Running during pregnancy

Pregnancy is misconceived by many as the time to binge on cravings, and use your 'new' body to laze around, do as little as possible, and basically vegetate for nine months till the whirlwind called motherhood comes and hits you in the face! Though it is important to relax during these months, it is also absolutely essential that you stay fit and strengthen your body for the changes it will face.

Running is a quick and effective way to provide the right kind of workout to your heart and body, keeping you mentally and physically fit during your pregnancy. It's easy to fit into your schedule, and unlike other exercise routines, doesn't demand too much of your time.

If you haven't been a runner prior to getting pregnant, it is recommended that you don't start during this period. Pregnancy also isn't the time to start training for any marathons or races, because body temperatures rise when you run, and this overheating can affect the development of the baby’s organs. Running is normally hard on the knees, and the loosening up of the joints during pregnancy makes the risk of injury higher for inexperienced runners.

Seasoned runners can continue, but there are certain precautions that HAVE to be taken:

  • Keep yourself hydrated at all times. Drink water before, during and after your run because dehydration can reduce the blood flow to the uterus and sometimes, even cause premature contractions.
  • Invest in good workout wear. Comfortable shoes that provide the right kind of cushioning for your feet and ankles are necessary to lessen the impact on your joints and absorb shocks. Ensure you are wearing a good sports bra and materials that breathe when you run.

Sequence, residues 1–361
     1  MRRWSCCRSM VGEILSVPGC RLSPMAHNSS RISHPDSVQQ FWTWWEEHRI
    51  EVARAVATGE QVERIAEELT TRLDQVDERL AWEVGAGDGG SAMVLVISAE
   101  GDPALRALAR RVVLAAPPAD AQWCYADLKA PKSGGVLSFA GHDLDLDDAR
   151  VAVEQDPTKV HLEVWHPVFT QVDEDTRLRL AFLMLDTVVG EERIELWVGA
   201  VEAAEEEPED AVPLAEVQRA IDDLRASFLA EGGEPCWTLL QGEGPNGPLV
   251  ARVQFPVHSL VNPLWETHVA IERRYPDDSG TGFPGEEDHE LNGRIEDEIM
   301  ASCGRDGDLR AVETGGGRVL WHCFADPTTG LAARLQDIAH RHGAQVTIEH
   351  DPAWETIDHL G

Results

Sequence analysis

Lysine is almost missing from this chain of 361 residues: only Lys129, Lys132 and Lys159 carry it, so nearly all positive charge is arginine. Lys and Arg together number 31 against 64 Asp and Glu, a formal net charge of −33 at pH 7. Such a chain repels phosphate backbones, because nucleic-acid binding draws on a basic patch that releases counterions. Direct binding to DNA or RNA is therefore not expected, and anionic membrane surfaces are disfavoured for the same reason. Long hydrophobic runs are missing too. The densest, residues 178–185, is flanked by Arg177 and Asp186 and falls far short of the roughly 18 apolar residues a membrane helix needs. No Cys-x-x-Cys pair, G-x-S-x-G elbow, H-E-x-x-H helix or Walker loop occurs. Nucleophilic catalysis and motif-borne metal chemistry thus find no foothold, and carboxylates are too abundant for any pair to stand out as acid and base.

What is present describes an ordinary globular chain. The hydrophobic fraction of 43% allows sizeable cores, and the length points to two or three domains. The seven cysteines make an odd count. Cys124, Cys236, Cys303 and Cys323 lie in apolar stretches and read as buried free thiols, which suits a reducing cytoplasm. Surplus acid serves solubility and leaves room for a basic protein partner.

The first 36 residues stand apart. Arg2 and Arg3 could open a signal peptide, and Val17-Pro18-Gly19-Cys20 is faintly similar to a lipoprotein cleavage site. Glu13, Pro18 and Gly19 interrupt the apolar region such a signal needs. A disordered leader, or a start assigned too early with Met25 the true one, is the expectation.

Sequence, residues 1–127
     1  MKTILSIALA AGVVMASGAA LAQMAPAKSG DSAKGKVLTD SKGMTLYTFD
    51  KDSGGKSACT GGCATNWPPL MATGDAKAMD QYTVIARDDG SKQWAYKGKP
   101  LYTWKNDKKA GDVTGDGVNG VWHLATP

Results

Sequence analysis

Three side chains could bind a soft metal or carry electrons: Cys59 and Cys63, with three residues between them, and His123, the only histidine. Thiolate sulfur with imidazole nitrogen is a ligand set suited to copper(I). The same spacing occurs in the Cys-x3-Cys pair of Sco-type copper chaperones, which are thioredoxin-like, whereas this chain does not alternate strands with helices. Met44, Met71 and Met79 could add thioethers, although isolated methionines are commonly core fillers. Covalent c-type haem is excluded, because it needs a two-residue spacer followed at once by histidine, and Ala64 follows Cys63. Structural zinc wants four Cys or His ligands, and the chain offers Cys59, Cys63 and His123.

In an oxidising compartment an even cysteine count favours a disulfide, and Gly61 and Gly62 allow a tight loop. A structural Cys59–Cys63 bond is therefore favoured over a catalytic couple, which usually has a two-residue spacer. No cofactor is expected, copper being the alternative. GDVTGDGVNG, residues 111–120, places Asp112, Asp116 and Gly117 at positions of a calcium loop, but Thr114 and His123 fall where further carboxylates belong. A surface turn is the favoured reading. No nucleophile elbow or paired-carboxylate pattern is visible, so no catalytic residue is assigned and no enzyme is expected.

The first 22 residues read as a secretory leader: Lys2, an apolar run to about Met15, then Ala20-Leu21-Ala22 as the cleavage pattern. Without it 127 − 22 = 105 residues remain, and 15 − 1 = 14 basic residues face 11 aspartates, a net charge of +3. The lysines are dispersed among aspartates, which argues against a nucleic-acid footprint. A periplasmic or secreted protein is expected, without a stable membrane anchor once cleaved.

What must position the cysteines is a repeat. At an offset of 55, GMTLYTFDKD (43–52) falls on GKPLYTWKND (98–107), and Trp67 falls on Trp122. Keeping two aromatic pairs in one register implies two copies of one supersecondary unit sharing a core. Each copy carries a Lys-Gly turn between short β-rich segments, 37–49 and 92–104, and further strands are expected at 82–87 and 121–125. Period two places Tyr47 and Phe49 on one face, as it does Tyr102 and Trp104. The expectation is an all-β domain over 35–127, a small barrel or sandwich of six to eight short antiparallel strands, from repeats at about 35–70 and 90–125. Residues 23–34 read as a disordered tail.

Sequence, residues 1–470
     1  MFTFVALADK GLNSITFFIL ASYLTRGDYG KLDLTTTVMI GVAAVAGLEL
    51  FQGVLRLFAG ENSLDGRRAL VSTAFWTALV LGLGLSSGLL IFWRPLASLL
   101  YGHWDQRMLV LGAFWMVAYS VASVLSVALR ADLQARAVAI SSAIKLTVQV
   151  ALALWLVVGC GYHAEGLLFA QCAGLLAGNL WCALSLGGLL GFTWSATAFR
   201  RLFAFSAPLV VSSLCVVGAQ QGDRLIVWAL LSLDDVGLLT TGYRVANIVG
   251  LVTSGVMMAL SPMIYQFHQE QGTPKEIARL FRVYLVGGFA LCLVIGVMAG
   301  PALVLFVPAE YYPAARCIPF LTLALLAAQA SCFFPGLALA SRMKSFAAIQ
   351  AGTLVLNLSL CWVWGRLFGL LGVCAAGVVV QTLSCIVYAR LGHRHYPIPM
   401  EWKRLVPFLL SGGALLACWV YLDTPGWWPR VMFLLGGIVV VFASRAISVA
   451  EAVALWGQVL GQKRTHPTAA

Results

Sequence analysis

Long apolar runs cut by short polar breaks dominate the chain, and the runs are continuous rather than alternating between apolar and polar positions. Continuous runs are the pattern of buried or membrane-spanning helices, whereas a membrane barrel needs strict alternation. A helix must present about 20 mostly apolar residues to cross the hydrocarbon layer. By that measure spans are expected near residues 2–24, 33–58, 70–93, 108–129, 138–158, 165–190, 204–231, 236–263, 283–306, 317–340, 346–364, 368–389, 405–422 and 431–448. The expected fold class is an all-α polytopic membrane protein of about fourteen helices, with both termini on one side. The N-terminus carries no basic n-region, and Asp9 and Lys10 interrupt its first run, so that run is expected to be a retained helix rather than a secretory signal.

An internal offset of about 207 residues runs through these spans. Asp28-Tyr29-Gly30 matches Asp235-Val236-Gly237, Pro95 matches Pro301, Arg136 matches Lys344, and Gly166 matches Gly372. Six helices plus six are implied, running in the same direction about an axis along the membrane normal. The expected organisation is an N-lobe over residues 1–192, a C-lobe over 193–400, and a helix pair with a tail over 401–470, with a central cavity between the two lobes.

• Run on even surfaces. As your baby bump grows, your center of gravity changes. You are more likely to lose your balance, thus making you more susceptible to falls. So choose a good jogging track that's flat and obstacle free to warrant a safer run.
  • Be aware of how your body is reacting to the run. If you find that you are short of breath, dizzy, or if you feel that your heart rate is unusually high, stop immediately. Make sure you aren't feeling any tightness or contractions in your abdominal region, and that you aren't bleeding. Listen to your body and don't push yourself to the point of harm.
  • Most importantly, choose a track where there are people around, in case of an emergency. A familiar or controlled environment is safest, especially during the second and third trimesters. A treadmill also works in such situations.

It's best to stop running the closer you get to your delivery date. With the extra weight and pressure on your abdomen, it might almost get impossible to run towards the end of the third trimester. At those times, switch to walking, and don't forget to keep a check on your pace and effort levels.

In conclusion, running is a great way to stay fit and strong during pregnancy, but do keep in mind that this isn’t the stage to strain yourself or reach for your personal best. Concentrate on what your body tells you, and respond accordingly. But always remember that this is a crucial stage in yours and the baby’s lives, so don’t forget to consult a doctor throughout!

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Cigna TTK logo health insurance

jabong